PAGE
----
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Ferne Animal Sanctuary facts for kids

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Ferne Animal Sanctuary
Date opened Second World War
Location Wambrook, Somerset
Land area 51 acres

Ferne Animal Sanctuary was founded in Dorset, England by Nina Douglas-Hamilton, Duchess of Hamilton at the beginning of the Second World War. Since 1975 it has been sited near Wambrook, Somerset.


The Duchess was a noted anti-vivisectionist, and was horrified at the British Pet Holocaust.

The intention behind the sanctuary was to provide a temporary refuge for animals belonging to service men and women who had left their homes to fight, or which were likely to be abandoned or euthanased. The Duchess had a statement broadcast on the BBC: "Homes in the country urgently required for those dogs and cats which must otherwise be left behind to starve to death or be shot."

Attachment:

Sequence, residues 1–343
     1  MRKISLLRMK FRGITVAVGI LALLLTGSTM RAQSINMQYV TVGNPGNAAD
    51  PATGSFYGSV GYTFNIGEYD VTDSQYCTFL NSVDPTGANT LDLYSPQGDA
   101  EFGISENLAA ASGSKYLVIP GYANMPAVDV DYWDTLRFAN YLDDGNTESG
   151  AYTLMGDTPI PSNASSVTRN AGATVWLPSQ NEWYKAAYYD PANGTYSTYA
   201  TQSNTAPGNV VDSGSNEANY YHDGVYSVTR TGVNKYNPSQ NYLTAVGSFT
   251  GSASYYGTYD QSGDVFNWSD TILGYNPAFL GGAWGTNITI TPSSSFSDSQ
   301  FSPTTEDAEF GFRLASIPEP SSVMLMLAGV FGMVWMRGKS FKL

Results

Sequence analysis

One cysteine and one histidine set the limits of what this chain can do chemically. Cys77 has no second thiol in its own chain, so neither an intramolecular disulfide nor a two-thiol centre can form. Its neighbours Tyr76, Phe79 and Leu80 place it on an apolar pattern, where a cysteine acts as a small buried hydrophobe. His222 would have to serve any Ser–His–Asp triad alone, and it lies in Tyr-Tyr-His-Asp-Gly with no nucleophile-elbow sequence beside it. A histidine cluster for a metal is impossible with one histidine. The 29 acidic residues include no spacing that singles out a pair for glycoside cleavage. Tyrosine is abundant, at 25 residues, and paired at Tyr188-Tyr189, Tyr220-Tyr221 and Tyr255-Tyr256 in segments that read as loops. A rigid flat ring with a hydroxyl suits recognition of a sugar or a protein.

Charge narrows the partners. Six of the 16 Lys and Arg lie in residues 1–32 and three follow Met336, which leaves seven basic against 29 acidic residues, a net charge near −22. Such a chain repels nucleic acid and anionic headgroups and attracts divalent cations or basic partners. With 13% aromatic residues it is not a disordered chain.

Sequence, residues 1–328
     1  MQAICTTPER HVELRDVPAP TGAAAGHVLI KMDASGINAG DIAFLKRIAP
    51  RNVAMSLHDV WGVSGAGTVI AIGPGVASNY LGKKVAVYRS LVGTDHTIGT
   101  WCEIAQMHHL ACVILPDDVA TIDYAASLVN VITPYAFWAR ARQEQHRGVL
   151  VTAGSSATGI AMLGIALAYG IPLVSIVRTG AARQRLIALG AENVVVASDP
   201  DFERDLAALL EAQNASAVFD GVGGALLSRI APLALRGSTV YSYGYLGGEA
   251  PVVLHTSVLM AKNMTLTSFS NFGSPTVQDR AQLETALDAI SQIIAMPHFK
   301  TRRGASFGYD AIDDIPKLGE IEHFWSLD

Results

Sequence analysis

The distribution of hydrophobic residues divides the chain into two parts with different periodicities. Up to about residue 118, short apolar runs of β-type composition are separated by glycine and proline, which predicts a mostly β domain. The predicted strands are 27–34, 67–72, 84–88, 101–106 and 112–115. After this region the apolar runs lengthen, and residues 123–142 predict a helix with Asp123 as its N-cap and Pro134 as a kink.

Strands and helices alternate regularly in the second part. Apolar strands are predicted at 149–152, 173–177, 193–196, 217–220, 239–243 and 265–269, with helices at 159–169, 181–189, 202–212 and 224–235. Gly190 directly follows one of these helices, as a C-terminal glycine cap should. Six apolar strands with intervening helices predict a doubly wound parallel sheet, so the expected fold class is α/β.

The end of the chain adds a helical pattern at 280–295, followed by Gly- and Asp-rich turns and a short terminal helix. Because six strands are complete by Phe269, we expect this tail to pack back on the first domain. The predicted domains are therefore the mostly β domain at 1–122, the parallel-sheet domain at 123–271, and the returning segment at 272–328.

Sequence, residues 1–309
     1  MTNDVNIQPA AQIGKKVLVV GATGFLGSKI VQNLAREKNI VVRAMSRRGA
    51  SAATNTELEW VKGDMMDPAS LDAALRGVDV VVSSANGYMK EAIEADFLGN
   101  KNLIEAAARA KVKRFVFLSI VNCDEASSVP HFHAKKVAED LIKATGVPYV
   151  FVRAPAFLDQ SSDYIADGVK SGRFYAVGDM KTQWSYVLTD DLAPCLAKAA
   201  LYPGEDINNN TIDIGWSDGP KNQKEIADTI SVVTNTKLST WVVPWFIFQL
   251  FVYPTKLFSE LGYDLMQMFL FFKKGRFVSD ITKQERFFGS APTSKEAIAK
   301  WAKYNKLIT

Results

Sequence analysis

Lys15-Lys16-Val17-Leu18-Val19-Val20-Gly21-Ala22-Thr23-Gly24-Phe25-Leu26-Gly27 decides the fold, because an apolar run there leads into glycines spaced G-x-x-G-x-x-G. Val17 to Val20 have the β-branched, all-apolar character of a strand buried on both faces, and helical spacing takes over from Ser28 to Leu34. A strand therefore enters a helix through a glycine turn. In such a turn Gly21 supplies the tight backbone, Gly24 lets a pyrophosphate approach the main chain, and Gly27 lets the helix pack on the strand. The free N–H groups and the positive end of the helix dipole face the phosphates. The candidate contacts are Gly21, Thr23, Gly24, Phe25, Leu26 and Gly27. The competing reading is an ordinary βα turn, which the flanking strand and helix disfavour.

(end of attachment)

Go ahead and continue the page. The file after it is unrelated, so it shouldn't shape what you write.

The Duchess established an animal sanctuary at her home, the Ferne Estate in Dorset in 1940. The "sanctuary" was a heated aerodrome (sic) in Ferne. Staff were sent out to rescue pets from the East End of London. Many hundreds of animals were taken back initially to her home in St John's Wood. She apologised to her neighbours who complained about the barking.


At the end of the war many owners failed to return to collect their pets and so Ferne Animal Sanctuary took on a more permanent role. It was registered as a charity in 1965.

In 1975, the Sanctuary moved some 50 miles west, to its present premises of 51 acres near Wambrook, Somerset, overlooking the River Yarty valley.

2015 saw the celebration of the 75th anniversary of the Sanctuary.

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